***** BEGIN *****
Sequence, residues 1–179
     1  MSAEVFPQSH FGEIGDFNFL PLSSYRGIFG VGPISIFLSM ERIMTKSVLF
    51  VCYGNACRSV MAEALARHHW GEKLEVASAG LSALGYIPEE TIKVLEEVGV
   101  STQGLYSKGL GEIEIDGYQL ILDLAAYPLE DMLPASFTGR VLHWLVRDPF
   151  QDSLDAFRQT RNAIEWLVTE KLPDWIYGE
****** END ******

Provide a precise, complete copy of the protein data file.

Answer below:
Sequence, residues 1–179
     1  MSAEVFPQSH FGEIGDFNFL PLSSYRGIFG VGPISIFLSM ERIMTKSVLF
    51  VCYGNACRSV MAEALARHHW GEKLEVASAG LSALGYIPEE TIKVLEEVGV
   101  STQGLYSKGL GEIEIDGYQL ILDLAAYPLE DMLPASFTGR VLHWLVRDPF
   151  QDSLDAFRQT RNAIEWLVTE KLPDWIYGE